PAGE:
As American troops prepare to turn over almost all combat duties to Iraqi forces this week, the first of what will certainly be a wave of “Iraq as South Vietnam” stories appears on schedule in the New York Times. Rod Norland’s “Ready or Not, Iraq’s Military Prepares to Stand on Its Own” uses the condensed, standard-version short-hand for what happened in Vietnam:
That thought inevitably invites comparisons to President Richard M. Nixon’s Vietnamization strategy, which lasted six years and was a great success at turning over the war effort to the South Vietnamese Army, but a complete failure at helping South Vietnam win.
Tens of thousands of American advisers remained behind, but their presence and high profile “gave the perception that the U.S. was in charge, undercutting the Vietnamese officer corps and creating an unconscious dependency,” Col. Dan Smith, a military analyst and critic of that war, has written. And once American financial, military and advisory support was withdrawn, as it was abruptly in 1975, South Vietnamese Army defeats rapidly became routs.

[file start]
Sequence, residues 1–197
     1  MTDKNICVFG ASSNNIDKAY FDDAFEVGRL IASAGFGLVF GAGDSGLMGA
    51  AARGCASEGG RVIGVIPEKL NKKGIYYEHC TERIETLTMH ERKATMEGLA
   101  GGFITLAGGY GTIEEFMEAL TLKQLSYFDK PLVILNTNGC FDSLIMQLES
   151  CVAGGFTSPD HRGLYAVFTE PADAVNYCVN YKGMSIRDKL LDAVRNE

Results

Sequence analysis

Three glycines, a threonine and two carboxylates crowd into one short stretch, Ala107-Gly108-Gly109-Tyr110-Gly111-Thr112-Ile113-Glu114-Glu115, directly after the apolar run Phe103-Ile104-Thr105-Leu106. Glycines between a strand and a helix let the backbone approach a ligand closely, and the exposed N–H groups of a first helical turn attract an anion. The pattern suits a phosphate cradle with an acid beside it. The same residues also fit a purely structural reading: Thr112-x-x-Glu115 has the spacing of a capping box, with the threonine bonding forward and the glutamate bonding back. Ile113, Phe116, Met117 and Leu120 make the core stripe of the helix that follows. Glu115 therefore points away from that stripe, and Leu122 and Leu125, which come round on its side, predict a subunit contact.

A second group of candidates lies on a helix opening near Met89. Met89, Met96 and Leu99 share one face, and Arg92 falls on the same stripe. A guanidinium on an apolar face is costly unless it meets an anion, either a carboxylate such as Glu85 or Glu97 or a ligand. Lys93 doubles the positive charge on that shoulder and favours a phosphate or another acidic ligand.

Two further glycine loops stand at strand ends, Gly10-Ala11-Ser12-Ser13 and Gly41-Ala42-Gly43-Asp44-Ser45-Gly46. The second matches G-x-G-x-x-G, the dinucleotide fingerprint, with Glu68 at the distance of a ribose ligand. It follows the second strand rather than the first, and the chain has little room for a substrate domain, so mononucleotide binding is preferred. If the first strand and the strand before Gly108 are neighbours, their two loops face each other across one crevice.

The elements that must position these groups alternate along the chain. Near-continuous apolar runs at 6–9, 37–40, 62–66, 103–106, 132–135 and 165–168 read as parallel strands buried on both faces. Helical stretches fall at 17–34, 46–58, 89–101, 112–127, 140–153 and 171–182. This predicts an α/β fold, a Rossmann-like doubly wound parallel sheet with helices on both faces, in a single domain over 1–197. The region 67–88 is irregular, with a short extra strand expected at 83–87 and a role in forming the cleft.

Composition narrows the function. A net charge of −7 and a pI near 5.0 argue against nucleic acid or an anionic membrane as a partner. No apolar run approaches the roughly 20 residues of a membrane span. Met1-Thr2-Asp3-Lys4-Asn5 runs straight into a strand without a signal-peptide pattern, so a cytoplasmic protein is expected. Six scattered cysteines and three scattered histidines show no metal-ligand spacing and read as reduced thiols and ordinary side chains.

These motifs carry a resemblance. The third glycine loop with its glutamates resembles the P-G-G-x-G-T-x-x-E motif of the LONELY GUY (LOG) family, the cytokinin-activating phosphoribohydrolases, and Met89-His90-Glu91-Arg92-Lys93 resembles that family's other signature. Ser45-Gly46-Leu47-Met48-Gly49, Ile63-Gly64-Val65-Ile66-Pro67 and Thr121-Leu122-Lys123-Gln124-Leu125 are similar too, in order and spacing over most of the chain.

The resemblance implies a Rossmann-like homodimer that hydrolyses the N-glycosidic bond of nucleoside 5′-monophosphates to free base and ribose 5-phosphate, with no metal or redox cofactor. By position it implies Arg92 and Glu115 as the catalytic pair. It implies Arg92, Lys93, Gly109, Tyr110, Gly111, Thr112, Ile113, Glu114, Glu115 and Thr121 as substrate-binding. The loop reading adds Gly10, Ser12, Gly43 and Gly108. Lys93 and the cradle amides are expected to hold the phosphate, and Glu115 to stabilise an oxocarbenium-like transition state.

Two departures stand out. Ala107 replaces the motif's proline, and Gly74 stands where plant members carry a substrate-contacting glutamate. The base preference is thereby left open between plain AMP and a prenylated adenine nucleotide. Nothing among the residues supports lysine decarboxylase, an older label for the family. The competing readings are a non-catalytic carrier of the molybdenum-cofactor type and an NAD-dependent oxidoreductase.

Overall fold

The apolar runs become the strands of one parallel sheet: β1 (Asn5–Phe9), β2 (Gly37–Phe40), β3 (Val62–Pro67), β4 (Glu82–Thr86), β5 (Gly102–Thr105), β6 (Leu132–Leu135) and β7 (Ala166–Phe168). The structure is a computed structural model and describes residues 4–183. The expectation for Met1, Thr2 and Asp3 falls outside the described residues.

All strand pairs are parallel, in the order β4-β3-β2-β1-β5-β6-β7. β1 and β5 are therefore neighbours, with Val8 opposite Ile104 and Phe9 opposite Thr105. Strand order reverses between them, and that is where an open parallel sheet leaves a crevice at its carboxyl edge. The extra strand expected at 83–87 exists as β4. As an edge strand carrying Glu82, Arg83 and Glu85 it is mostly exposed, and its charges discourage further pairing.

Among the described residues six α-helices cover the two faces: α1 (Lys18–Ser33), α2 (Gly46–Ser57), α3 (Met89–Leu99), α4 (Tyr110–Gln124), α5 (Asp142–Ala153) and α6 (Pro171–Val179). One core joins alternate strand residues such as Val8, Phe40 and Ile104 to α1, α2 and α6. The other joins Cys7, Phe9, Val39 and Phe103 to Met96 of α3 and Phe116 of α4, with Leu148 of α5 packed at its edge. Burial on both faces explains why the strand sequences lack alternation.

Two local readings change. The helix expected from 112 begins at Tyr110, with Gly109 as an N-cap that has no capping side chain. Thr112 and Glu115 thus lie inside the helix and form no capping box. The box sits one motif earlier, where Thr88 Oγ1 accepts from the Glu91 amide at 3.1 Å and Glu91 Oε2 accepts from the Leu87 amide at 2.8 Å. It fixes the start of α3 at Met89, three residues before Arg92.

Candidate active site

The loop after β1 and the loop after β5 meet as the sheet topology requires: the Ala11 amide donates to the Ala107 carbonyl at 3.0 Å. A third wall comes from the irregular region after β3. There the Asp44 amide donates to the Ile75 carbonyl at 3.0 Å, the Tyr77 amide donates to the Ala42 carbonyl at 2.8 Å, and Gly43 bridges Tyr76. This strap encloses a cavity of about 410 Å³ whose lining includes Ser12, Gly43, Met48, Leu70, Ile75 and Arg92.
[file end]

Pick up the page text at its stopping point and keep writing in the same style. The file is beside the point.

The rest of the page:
Next week a new book on the end of the Vietnam War, Ride the Thunder: A Vietnam War Story of Honor and Triumph by Richard Botkin appears that will be crucial reading for everyone watching and hoping for Iraq to succeed, and for the tens of thousands of American military advisors and trainers remaining with their Iraqi counterparts.
Almost everything most people think they know about the end of the Vietnam War is wrong, and thus the lessons about to be drawn from the years 1972 through 1975 and applied to Iraq are going to be wrong as well. Botkin’s book arrives at exactly the right moment to help prevent happening to the brave Iraqis who are taking on the lead role in their country’s defense what happen to the South Vietnamese Marine Corps in the aftermath of the collapse of American support for a free South Vietnam.